As I looked in this hidden city paradise, Isaiah’s words seemed appropriate: “Kadosh, Kadosh, Kadosh.”
Did you know that the great Edgar Allen Poe was so struck by the Wissahickon Valley that he had to write about it. He said, “Now the Wissahickon is of so remarkable a loveliness that were it flowing in England, it would be the theme of every bard, and the common topic of every tongue…” As my wife and I continued along the banks of the Wissahickon we found it easy to agree with Poe. Loveliness abounded, people fed by the beauty seemed relieved of their worries, couples walked hand in hand, some jogged together, it breeds tranquility.
It was Holy.
Climbing further still we came upon an inn that appeared like an oasis in the Desert. It was the Valley Green. Music reverberated from its walls, and then the smell of a fire and good food welcomed us like enchanted spell. Little did we know that a wedding reception was in full swing. At first it seemed odd that a DJ led wedding would be sounding like a drumbeat in this quiet valley but in retrospect it made sense.
For this valley holds many stories of sacred covenants and unrequited love. Earlier on the trail we passed a dramatic cliff that we later learned was the site of a romantic death. As legend has it an Indian princess and her lover leapt to their demise after they learned that she had been promised to another. Not far from this inn there is a Baptismal Font marking the sacred location where Baptist held a worship service on Christmas Day in 1723. December 25th these new believers consecrated their love for the Lord by fully immersing themselves in the nearly freezing water. Surely it was memorable, so memorable that it appears that this sacred Christmas morn ritual was never attempted again. Other sacred vows were made between these valley walls. The valley was so beautiful that a group of devout “Pietists” led by John Kelpius were convinced that the valley was the perfect place to wait for the end of the world. There is even a cave near the Wissahickon where Kelpius himself was said to pray fervently waiting for the Lord.
So for all those who question the appropriateness of a wedding in the Wissahickon Valley they would be well served to brush up on their history. But I must confess that the DJ’s pounding bass reverberating from the inn (boom-boom-boom-boom) seemed inconsistent with the holiness of the place. We met dear friends there and reveled in the beauty of it all (amidst the reverberations).
A bridesmaid came out to the front of the inn and had the unique gift of being able to dance and use her cell phone at the same time. Either the bar had been open for some time or her phone’s reception was horrible, because she talked so loud that she could be heard on the other side of the valley. She told her best friend and everyone else in the tri-county area that she led the Makarana, the Congo line, and she even led one dance where everyone else stayed in their seats. She said, “It was awesome, everyone was looking right at me.” Fortunately, the call of the DJ brought her back inside the Valley Green and we turned back to our friends and the warm, spiced Cider in mugs.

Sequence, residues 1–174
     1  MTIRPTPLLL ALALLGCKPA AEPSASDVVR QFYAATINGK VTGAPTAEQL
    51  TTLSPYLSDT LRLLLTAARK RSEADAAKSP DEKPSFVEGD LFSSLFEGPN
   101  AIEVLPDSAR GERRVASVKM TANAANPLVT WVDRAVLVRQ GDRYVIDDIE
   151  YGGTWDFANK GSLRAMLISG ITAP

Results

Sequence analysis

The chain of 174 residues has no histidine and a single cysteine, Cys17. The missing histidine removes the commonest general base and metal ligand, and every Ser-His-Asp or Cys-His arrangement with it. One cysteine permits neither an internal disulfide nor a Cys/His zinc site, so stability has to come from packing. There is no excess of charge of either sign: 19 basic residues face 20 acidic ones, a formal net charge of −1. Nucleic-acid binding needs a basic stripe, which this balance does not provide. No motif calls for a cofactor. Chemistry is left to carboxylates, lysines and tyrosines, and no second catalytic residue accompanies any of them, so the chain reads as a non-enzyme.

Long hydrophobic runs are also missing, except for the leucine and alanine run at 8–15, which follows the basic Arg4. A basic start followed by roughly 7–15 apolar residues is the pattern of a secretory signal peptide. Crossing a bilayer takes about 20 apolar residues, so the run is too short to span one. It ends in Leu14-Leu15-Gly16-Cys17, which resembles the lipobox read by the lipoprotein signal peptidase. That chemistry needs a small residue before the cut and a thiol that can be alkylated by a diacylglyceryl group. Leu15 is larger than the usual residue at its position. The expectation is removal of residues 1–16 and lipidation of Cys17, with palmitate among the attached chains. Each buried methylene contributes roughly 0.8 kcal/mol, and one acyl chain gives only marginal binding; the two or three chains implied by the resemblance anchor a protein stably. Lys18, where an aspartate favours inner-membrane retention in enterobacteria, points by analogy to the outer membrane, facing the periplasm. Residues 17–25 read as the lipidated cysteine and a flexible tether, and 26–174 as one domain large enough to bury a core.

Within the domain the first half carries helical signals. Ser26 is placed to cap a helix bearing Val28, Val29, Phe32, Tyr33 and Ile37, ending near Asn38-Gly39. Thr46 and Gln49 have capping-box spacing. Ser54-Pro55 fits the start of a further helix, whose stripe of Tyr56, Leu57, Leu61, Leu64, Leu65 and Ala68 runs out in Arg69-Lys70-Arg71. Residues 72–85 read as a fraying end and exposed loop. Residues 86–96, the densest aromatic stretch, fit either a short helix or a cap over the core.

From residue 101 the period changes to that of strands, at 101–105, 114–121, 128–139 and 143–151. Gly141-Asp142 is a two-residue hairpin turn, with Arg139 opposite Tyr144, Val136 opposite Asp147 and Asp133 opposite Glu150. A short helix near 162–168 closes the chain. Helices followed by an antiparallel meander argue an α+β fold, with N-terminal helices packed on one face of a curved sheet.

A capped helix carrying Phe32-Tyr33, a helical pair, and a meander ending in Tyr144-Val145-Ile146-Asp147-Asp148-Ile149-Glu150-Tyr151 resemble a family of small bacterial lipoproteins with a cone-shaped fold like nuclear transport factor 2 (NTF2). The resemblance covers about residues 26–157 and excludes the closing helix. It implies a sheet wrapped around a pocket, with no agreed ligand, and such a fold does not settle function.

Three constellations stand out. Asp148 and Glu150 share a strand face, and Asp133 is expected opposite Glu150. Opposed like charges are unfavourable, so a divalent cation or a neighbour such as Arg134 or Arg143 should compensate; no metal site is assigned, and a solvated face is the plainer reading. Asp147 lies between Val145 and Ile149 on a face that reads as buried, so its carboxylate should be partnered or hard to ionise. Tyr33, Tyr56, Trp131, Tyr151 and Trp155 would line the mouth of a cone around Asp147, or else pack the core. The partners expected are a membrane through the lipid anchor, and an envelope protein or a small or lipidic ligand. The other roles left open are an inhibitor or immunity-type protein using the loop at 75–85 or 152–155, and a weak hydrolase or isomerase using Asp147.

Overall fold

The beauty of the valley, coupled with the kindness in our friends’ eyes, the warm cider, even the reverberations of the DJ next door made me wonder at it all.
It was Holy.
Time melted into time but it seemed to me that the presence of the Lord was there. I’m not sure how long we sat on the front porch near the banks of the Wissahickon, but it was long enough to see our Bridesmaid one more time. She wasn’t walking as steady as before, but this time she was escorted by a friend who made sure she wouldn’t fall. They made it to the parking lot where there was a sound that had to be one of two things: either someone was getting sick or someone was performing an exorcism. I think it was the former.
After a few moments I glanced over at the parking lot and noticed the friend gently helping the bridesmaid into the car.
And the words Holy-holy-holy came to mind again.
Sometimes the presence of the Lord is like Hurricane Sandy, and we (like Isaiah) are brought to our knees, and sometimes the presence of the Lord is like the sweet aid of a friend who helps us rise up from our knees. Either way, “Holy-Holy-Holy” seems like an appropriate response.